As managed care and other cost-containment efforts become the driving force behind the provision of many social services, professionals without doctorates (for example, nurses, drug and alcohol counselors, therapists, student advisors and correctional workers) will have to play an even larger role in the delivery of services, shouldering clinical responsibilities for which they are minimally prepared. For these practitioners, formal training is even less available than it is for those with doctorates. Because they are often the first to come into contact with potentially suicidal individuals, they will have to make assessment decisions with little or no practical knowledge. This is not only unfair to them; it can be fatal to their clients.
Perhaps one of the most serioushazards of working with potentially suicidal clients is the threat of litigation. Malpractice lawsuits against mental health professionals have skyrocketed over the last 20 years — and the failure to prevent suicide is the most common cause of litigation against all mental health disciplines including doctors, nurses, psychologists and social workers. As a result, clinicians must not only deal with the extraordinary emotional pain that can arise when one of their clients kills himself, but now they must also worry about the very real possibility of being sued. And this is not an exaggerated concern. In a five-year analysis of lawsuits brought against psychiatrists, there were more claims resulting from the suicide of a patient than from any other cause, and these lawsuits resulted in the largest financial settlements (Robertson, 1988).
Furthermore, any mental health care provider can be sued at any time, for any case, regardless of the actual merits of the case and regardless of the quality of his performance during the assessment. In the courtroom, the plaintiff’s attorney is free to challenge every aspect of the assessment to prove their claim. Not only will a clinician’s determination of a client’s suicide risk be investigated, but so will the processes and methods he used to reach it. In fact, the methods he used to reach his conclusions about risk are probably more important. Because the court realizes that practitioners cannot actually predict who will or will not commit suicide, the central legal question is not whether the practitioner was right or wrong but whether he arrived at his determination logically, using accepted professional practices.
In light of the increasing likelihood of litigation against mental health care workers in cases of completed suicide, it is surprising that so many practitioners remain uninformed about even the most fundamental legal concepts that pertain to their practice. Even though the changes that have occurred in the legal system regarding mental health providers are intimidating and the cause of a great deal of stress, it would be unfair to say that practitioners are always hapless victims of the legal system. In fact, they are often their own worst enemies, actually causing many of the difficulties they encounter in the courtroom. Instead of taking a systematic approach to determining suicide risk that is based on a combination of objective data and reasoned judgment, practitioners often make the mistake of using idiosyncratic procedures that are guided primarily by their personal ideas, assumptions and theoretical orientations. This approach leaves them wide open to the courtroom skills of fast-talking attorneys and expert witnesses who can easily dispute the procedures they followed and the conclusions they reached.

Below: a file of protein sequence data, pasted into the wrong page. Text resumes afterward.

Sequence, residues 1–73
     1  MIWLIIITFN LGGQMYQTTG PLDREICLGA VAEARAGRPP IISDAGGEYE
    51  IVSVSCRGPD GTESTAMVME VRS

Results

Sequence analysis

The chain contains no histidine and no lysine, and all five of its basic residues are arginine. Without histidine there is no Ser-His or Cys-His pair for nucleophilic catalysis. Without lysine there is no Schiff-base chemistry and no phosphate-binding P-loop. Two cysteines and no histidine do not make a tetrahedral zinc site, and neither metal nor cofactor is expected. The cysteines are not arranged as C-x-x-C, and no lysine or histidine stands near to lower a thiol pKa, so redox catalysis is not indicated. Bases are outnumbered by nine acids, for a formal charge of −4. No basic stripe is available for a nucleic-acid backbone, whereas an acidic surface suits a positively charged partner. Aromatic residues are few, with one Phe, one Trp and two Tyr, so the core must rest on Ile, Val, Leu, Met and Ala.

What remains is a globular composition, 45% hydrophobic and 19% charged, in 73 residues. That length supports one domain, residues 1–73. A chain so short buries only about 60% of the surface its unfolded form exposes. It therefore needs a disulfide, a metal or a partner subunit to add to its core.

To protect themselves, practitioners must become familiar with the legal principles that affect their clinical activities. They must learn how to conduct suicide assessments that are clinically sound and at the same time within the legal standards. Unfortunately, this is easier said than done. There is not a great wealth of information on the legal aspects of working with suicidal clients and much of the material that does exist is written for lawyers, is narrowly focused and lacks practical application. To analyze and apply the information clinically requires an investment of time and energy that most practicing clinicians do not have.
TOWARD A PRACTICAL SOLUTION: THE H.E.L.P.E.R. RISK ASSESSMENT SYSTEM
While none of these problems can be solved overnight, the assessment system presented in this book is a major step in the right direction. H.E.L.P.E.R., as this system is called, is a structured method, a clinical framework, for assessing suicidality that is logical and really very simple. It shows practitioners — regardless of the professional field in which they work — how to determine their clients’ potential for suicide by systematically integrating objective data with reasoned clinical judgment.
While there are many excellent books available on the subject of suicide, there are relatively few that concentrate on assessment procedures. Most of these books, offering far more extensive and detailed coverage of suicide than this book, are extremely valuable for reference purposes, but they are not particularlyuseful for clinical application. Some of these books take a very broad perspective, presenting many different points of view. Others cover so many aspects of suicidal behavior that finding the information about assessment is no easy task. By contrast, this book concentrates on suicide assessment alone and presents one unified point of view on how suicide assessments should be conducted. Indeed, one of the goals of H.E.L.P.E.R. is to condense the enormous amount of suicide research and to concentrate only on the material needed to perform suicide assessments.